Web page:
Nov 15, 2007
If you've seen Beowulf's motion picture magic in 3D IMAX, you already know it's a must-see blockbusting behemoth. But don't let the big screen sparkle fool you; Beowulf was meant for the big screen, not your little one. In fact, following in the forgettable footsteps of this summer's Pirates and Fantastic Four celluloid-to-console adapts, Beowulf: The Game is destined to line bargain bin bottoms. It has its hacking and slashing moments, but like so many movie-licensed titles, it reeks of a truncated production schedule and a too-heavy reliance on a story intended for another medium.
We could forgive the rambling VO and boring cut-scenes - a quick button press and tweak to the volume quickly covers these problems - if Beowulf's gameplay picked up the slack. Sadly, a mash-up of mini-games, weak squad commands, and so-so combat combine for a disjointed, poorly paced experience.
The mini-games, ranging from rhythm-based chanting - meant to inspire your Thane troops - to a weird button masher that has you resisting the sexual advances of Angelina Jolie's character (why the hell would we want to do that? Granted, it's actually some other actress entirely, but she's still hot), never mesh with the rest of the experience. Even the God of War-like boss-battle button-matching sequences feel clunky and repetitive. Additionally, the squad commands, so specifically tied to certain events, don't afford much freedom as you're basically told when to use them.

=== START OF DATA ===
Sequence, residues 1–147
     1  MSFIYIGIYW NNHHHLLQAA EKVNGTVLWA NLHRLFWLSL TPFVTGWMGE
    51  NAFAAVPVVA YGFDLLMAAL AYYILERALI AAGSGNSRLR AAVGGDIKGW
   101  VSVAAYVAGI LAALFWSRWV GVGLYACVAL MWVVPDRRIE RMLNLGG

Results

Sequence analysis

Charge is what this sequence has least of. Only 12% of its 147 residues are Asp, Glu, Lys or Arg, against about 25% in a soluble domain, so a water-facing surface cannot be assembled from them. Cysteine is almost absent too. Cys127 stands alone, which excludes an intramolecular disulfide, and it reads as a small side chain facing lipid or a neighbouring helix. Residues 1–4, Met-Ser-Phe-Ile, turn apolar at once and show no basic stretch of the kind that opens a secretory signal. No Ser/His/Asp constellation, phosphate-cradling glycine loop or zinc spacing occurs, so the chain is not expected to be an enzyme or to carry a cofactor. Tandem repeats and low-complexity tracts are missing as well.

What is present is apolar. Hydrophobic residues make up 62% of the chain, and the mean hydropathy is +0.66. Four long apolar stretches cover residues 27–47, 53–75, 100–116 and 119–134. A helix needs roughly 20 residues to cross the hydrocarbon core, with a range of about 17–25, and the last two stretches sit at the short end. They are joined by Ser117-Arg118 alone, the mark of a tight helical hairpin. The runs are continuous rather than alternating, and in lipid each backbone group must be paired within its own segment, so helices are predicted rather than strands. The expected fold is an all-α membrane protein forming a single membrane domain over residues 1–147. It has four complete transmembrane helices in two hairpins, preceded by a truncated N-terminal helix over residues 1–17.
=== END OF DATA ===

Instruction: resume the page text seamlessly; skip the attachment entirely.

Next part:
The combat, supported by some slick finishing animations - stomping guys in the nuts, and snapping the necks of giant trolls are highlights - is by far the best part of this package. It's not great, but the heavy hacking and slashing - complemented by copious amounts of blood and gore - is moderately satisfying, and unleashing Beowulf's Incredible Hulk-like "carnal fury" offers a fun, rampage-fueled romp.
But all the gore in the world isn't likely to satisfy if there's not a meaningful plot behind the bloodshed - which this both does and doesn't have. We can appreciate Beowulf's classic literary roots. Hell, we even enjoyed it a bit back in English lit class. But a game bloated with talky cut-scenes, bogged down by boring Old English-y dialog just isn't fun. And it doesn't only affect the cinematics; even during gameplay, off-screen characters will begin babbling. We love the occasional ale or wench reference just as much as the next guy, but when we're facing down an army of unearthly beasties we really don't want to hear Anthony Hopkins droning on about heroism or his favorite mead.
From its longwinded narrative to its painfully paced gameplay, none of Beowulf's elements ever gel. Instead of delivering a fully-realized cohesive experience, it comes off like a cobbled-together coat tail-riding cash-in. While there's some satisfying sword-swinging to be had, it's hard to recommend based solely on that, especially when the recent Conan release offers a far better sword-and-sandal epic. If you're looking for a Beowulf fix, catch up with him at the multiplex or library, but best not bring him home to play.